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Economic Recession Will Be Short-lived – Osinbajo

Channels Television  
Updated September 8, 2016

Yemi Osinbajo, Vice President Nigeria, on Economic RecessionNigeria’s Vice President, Professor Yemi Osinbajo, is optimistic that the economic recession the country is battling with would be short-lived.

He said changes would come ‘once the Federal Government is able to resolve the issues concerning the pipeline vandalism and focus on sustainable diversification policy’.

The Vice President gave this assurance while speaking to reporters at the Redeemers University in Ede, Osun State. It came days after the National Bureau of Statistics gave figures that showed the nation’s economy had glided into recession.

Professor Osinbajo said that the loss of about 60 per cent of gas and 60 per cent of revenue were largely responsible for the economic challenges Nigerians have been facing.


The Vice President dismissed predictions that the recession would last till year 2020 and assured Nigerians that the Federal Government would not rest on its oars.

He said that efforts were on to partner with private investors to invest more in the renovation of the refineries.

While commending Nigerians for their resilience, Professor Osinbajo expressed hope and conviction that “Nigeria has all that it takes to bounce back” so long as the nation keeps a steady course.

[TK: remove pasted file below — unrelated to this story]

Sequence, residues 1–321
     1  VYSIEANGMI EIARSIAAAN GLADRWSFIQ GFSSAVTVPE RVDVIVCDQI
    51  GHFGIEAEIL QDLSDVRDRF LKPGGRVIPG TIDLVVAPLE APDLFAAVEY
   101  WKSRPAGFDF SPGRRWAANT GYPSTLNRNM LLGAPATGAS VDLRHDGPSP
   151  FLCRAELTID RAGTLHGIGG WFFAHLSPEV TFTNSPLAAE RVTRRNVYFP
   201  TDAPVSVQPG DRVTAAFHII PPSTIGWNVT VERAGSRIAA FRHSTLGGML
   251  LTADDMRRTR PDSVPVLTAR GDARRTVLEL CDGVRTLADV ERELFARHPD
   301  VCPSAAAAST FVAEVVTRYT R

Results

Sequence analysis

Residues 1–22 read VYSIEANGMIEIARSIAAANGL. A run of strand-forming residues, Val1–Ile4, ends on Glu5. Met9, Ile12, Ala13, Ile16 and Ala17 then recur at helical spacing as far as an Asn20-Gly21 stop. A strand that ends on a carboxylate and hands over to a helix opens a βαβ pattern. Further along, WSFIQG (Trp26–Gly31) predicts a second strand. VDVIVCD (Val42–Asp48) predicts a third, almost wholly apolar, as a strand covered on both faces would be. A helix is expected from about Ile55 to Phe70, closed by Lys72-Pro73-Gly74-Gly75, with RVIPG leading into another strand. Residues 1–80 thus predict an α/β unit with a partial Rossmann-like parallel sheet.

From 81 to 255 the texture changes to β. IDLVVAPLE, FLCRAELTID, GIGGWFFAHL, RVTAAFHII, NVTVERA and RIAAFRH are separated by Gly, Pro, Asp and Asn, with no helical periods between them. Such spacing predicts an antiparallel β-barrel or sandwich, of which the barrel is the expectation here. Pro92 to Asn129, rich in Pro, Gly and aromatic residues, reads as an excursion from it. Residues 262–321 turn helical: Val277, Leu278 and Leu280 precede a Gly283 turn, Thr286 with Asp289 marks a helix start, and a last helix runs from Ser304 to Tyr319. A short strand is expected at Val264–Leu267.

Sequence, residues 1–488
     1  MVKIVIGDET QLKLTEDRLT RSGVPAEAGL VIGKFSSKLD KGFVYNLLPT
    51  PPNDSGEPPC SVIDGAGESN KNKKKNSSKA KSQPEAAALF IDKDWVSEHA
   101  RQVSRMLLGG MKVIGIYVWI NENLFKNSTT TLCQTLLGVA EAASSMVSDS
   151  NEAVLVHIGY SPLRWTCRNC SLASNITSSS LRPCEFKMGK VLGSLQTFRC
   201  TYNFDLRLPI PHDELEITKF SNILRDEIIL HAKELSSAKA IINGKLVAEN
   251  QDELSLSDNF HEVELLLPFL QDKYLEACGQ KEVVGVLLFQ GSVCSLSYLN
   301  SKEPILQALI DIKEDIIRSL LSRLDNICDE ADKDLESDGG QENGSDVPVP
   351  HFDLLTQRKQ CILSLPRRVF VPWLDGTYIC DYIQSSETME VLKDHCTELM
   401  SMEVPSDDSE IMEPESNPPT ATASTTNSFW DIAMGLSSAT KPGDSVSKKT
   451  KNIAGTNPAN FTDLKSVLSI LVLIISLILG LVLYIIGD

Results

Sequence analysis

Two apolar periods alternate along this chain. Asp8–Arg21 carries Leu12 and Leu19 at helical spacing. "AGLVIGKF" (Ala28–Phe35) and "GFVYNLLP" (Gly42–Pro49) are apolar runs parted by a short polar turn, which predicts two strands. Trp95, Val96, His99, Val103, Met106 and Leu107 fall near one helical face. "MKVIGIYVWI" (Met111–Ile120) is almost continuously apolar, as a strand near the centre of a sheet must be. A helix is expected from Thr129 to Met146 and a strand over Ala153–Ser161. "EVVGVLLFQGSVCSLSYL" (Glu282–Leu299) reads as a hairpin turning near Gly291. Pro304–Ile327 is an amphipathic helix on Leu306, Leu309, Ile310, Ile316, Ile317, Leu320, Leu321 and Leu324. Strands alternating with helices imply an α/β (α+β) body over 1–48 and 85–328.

It is the second time within a week that the Vice President is giving this assurance of better days to come.

He had told a delegation of the Northern States Pentecostal Bishops Forum in his office in Abuja, the nation’s capital on Tuesday that economic recession was as a result of stealing of the nation’s funds that had occurred during the rule of previous administrations.

Professor Osinbajo said: “There is no country in the world that can face the kind of stealing that has taken place in Nigeria without having to deal with the consequences, including the current state of the economy”.

“This country has been badly governed. We are dealing for instance with the embezzlement of funds to the tune of $15 billion in one sector alone,” he told the Bishops.

‘We Can’t Ignore It’

Many critics have asked the government to focus on the present and the future and stop blaming previous administrations, but Professor Osinbajo said his government would have to consider the past, as it had a lot to do with the current state of the economy.

“We have not turned attention to the oil and gas sector, where the former Central Bank of Nigeria’s Governor alleged that $20 billion was stolen. We must condemn and stand up against this level of corruption. It is the single most important reason of the current state of the country. We can’t ignore it,” stressed.

A statement by a spokesman for the Vice President, Laolu Akande, said that the Vice President had called on Christians and religious leaders generally to condemn corruption “openly”.

“We can’t say because they are Christians or Muslims we won’t condemn those involved in corruption. The country has been systematically destroyed.

“Our currency depreciated because we don’t have the reserves to back it. At the height of the oil boom, there were no savings,” he pointed out.